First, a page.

Have a Fun, Active and Healthy Celebration!

Red Spherical Christmas Ornament ca. 2002

Celebrate the New Year with some simple steps for a fun, healthy, and active event!

  1. Add activities to get people moving and interacting.
  2. Festive foods are eye-catching. Fun shapes or a garnish make a dish pop!
  3. Make ice cubes with 100% juice or added fruit for flavor.
  4. Savor each bite. Add some flavor with a cultural favorite.
  5. Alongside party food favorites, have fruit kabobs, vegetable trays arranged for the party theme, and simple swaps like offering whole-grain crackers.
  6. Let’s dance! Get people up and moving with party games or dancing.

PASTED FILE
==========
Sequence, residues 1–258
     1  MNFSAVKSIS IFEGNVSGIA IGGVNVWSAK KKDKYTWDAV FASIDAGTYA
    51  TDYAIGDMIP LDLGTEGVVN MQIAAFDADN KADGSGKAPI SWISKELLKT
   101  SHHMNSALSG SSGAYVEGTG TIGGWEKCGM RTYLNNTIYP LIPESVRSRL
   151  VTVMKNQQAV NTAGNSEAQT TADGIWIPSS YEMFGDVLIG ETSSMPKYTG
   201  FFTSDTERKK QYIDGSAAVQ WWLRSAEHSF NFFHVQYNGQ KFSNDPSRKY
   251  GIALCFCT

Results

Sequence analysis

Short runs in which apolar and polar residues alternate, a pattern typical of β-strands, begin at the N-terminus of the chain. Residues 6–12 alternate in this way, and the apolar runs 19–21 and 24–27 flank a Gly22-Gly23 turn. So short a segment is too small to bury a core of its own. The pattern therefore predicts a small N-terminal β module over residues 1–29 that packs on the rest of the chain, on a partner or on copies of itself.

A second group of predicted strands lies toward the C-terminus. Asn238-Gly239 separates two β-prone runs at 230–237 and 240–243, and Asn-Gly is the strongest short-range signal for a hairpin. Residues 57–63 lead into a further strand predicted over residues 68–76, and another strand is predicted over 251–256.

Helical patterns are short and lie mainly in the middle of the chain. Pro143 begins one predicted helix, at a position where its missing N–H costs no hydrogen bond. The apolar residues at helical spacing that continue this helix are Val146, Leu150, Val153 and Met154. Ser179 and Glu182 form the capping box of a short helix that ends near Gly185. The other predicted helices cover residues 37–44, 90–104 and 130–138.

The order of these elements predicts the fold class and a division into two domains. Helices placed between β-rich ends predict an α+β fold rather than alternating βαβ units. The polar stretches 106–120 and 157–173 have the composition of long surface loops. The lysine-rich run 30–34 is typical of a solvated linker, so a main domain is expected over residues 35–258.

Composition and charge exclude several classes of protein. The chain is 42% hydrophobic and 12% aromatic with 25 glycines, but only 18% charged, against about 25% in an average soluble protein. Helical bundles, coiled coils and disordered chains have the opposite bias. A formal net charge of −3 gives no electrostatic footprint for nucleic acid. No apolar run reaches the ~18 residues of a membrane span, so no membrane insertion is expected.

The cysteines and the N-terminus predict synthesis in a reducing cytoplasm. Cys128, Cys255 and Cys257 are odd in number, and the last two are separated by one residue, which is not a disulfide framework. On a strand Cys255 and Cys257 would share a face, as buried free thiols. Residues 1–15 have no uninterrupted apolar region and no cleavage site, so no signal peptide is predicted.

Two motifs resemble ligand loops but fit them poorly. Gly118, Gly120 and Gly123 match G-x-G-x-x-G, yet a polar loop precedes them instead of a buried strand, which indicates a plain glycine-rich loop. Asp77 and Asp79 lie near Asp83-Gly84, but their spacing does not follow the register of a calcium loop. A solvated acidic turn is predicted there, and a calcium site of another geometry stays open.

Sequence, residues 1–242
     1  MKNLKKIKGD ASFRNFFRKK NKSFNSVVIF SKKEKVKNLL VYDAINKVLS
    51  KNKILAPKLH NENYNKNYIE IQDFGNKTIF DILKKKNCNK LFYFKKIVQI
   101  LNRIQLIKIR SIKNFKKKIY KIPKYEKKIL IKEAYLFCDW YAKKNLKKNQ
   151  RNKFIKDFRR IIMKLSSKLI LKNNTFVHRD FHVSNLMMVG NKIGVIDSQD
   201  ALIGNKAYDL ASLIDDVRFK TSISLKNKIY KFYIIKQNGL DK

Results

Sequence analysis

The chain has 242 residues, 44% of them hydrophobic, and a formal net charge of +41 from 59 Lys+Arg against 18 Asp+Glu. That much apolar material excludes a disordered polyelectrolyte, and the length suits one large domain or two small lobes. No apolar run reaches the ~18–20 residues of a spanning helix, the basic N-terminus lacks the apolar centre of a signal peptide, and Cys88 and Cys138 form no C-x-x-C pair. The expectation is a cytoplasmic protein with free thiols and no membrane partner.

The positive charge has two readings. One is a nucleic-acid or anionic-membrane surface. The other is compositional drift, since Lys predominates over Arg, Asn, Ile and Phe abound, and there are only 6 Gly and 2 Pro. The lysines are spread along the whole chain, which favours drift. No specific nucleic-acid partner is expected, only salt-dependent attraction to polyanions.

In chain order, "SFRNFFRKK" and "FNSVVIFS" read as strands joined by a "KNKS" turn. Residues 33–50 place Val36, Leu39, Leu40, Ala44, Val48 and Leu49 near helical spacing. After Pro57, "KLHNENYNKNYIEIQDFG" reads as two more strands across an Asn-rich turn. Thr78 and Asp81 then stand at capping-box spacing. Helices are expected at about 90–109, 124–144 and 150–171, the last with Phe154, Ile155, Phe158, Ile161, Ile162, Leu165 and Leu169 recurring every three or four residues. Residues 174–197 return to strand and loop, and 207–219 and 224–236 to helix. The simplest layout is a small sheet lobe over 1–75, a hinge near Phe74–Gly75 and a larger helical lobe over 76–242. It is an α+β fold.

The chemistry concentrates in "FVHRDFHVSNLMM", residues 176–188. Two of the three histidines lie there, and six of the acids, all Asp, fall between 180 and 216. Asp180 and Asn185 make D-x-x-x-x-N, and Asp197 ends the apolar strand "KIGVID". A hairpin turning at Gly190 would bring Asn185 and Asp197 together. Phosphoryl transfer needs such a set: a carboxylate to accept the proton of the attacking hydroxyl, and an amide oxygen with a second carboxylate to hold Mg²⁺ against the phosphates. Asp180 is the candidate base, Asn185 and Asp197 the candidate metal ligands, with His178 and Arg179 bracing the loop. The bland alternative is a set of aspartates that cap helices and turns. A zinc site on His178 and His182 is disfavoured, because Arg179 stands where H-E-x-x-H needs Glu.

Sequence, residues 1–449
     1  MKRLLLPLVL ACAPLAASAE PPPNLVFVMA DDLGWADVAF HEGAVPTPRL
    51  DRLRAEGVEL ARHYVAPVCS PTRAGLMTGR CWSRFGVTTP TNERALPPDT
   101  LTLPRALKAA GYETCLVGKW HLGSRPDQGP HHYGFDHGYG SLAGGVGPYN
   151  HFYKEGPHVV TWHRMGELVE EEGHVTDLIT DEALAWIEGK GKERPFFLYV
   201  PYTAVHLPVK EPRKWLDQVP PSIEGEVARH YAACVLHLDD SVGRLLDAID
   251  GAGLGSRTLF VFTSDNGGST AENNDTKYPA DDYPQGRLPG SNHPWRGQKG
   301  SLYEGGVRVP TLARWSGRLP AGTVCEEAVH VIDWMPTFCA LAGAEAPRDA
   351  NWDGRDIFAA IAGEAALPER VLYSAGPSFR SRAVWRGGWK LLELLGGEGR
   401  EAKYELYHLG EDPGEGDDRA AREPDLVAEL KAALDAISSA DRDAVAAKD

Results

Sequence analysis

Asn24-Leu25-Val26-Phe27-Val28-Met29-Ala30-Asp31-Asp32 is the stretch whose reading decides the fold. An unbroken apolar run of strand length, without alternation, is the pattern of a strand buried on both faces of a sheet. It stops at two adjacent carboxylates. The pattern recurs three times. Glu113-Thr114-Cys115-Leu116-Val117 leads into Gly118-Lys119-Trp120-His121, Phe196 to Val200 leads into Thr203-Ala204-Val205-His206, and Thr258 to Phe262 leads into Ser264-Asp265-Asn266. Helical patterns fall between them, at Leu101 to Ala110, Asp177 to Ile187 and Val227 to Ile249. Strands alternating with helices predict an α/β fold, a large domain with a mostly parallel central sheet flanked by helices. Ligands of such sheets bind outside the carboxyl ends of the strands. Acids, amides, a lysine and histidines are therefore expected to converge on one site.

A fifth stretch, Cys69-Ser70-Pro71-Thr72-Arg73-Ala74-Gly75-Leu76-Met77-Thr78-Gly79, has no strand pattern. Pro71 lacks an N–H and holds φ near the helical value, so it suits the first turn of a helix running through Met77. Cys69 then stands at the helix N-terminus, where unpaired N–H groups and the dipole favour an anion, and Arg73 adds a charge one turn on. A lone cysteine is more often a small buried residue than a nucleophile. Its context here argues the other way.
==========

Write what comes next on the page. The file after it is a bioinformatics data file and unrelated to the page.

7. Sneak in healthier options with simple ingredient swaps or try a new recipe.
  8. Keep it simple. That can save a lot of stress! Ask guests to bring a favorite food or have them plan party games. Don’t forget to get the kids involved!
  9. Shop smart to fit your budget. Make a list and shop grocery sale ads for savings. Don’t forget coupons for extra savings.
  10. Be an example for healthy habits. The kids are watching!



Taste and Smell Affects Eating Well

Photo: USDA Flickr

The ability to taste and smell food brings enjoyment to the eating experience. But as we age, those two senses can change for many reasons.

The human mouth has about 8,000 taste buds! But we lose taste buds over time. A decrease in saliva, medication side-effects, and poor chewing reduces how the flavor of food is sensed.